Climate, Geomorphology, and Glaciology of the Shackleton Glacier area, Queen Maud Mountains, Transantarctic Mountains, Antarctica

  1. Mort D. Turner and
  2. John E. Splettstoesser
  1. Kerby E. LaPrade

Published Online: 16 MAR 2013

DOI: 10.1029/AR036p0163

Geology of the Central Transantarctic Mountains

Geology of the Central Transantarctic Mountains

How to Cite

LaPrade, K. E. (1986) Climate, Geomorphology, and Glaciology of the Shackleton Glacier area, Queen Maud Mountains, Transantarctic Mountains, Antarctica, in Geology of the Central Transantarctic Mountains (eds M. D. Turner and J. E. Splettstoesser), American Geophysical Union, Washington, D. C.. doi: 10.1029/AR036p0163

Author Information

  1. East Texas State University, Commerce, Texas 75428

Publication History

  1. Published Online: 16 MAR 2013
  2. Published Print: 1 JAN 1986

ISBN Information

Print ISBN: 9780875901848

Online ISBN: 9781118664797

SEARCH

Keywords:

  • Congelifraction;
  • Glaciology;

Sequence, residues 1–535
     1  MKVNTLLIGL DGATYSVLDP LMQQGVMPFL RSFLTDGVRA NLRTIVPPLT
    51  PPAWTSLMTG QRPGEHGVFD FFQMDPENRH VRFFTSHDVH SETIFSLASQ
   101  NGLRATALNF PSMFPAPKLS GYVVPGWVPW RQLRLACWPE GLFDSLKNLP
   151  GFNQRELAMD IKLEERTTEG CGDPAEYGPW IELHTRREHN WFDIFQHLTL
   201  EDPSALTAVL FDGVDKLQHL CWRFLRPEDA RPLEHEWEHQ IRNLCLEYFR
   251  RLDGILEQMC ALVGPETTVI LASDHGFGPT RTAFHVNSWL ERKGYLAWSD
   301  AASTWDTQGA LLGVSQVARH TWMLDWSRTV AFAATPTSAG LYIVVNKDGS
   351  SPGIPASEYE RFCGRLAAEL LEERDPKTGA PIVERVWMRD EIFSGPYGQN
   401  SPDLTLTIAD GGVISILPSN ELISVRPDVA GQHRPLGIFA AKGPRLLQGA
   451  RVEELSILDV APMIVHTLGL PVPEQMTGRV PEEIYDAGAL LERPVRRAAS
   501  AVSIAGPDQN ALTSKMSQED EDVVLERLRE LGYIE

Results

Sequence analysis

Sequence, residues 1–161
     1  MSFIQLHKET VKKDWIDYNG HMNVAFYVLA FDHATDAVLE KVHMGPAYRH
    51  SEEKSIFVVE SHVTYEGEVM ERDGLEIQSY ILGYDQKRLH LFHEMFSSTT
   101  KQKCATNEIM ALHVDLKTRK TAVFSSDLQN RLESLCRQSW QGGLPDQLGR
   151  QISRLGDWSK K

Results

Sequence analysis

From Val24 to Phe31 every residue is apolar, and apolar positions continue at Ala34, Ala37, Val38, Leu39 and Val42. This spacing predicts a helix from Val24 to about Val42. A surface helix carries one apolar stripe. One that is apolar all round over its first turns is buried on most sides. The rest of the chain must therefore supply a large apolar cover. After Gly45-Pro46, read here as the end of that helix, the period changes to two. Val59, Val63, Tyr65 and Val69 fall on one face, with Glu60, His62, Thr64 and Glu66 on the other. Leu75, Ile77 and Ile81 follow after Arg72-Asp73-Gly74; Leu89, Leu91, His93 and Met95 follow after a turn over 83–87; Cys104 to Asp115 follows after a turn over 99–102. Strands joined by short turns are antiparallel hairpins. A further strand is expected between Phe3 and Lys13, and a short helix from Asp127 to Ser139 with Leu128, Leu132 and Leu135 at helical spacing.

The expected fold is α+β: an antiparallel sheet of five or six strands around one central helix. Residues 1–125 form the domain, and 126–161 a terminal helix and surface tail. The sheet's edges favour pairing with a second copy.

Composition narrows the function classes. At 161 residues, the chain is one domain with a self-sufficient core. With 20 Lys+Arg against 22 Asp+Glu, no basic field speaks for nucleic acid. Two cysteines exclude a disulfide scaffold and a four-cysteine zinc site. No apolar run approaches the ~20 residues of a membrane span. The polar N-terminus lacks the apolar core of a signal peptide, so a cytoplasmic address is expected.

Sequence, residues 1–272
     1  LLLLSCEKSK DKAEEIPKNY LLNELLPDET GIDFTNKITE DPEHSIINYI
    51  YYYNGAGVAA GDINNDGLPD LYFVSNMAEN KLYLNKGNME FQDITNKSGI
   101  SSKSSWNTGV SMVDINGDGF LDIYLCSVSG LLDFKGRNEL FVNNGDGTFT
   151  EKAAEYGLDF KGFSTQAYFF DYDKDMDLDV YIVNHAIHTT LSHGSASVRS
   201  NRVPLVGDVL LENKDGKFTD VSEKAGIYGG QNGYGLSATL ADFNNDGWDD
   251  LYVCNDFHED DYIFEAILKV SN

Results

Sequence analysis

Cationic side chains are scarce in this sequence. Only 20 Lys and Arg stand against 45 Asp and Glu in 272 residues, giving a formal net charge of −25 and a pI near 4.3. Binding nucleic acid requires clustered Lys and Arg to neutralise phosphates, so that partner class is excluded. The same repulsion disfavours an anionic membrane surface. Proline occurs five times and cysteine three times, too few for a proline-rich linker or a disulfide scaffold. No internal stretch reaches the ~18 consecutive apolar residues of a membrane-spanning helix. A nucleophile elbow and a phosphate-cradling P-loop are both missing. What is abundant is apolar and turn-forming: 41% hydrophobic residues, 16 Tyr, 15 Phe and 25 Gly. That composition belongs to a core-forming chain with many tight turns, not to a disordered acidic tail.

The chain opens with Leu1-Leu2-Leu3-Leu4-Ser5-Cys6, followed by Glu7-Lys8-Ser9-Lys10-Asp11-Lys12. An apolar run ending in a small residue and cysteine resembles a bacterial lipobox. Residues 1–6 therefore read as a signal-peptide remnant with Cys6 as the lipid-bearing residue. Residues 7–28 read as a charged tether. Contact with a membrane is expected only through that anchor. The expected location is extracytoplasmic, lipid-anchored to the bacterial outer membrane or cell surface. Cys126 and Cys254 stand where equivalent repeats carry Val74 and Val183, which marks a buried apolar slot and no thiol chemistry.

• Mechanical and chemical weathering;
  • Moraines;
  • Shackleton Glacier;
  • Truncated spurs

Summary

The study area, 170°W–180°, 84°22′–85°45′S, centers around Shackleton Glacier, which flows northward across the central part of the Queen Maud Mountains, central sector of the Transantarctic Mountains. The climate is polar arid. Shackleton Glacier and its tributaries drain essentially all of the study area and have influenced the landforms, especially in the southern part. Weathering is mainly mechanical, including frost wedging, granular disintegration, alternate heating and cooling with hydration, and honeycombing. Well-developed patterned ground has resulted from frost wedging. Ancient chemical weathering is indicated by in situ alteration and replacement of minerals. Present chemical weathering consists of minor amounts of iron staining and solution pits. Glacial erosion features include benches, broad summits, striations, cirques, cols, aretes, horns, truncated spurs, hanging tributaries and valleys, and U-shaped valleys. Depositional features include tillite; stranded lateral moraines; lateral, medial, and ground moraines; and rock glaciers. Glaciations of two age groups are noted: Queen Maud Glaciation of middle to late Tertiary age and “Final” Glaciation of Quaternary age. The Final Glaciation includes several minor glacial phases. The Queen Maud and Final glaciations are tentatively correlated with other glaciations in the Transantarctic Mountains.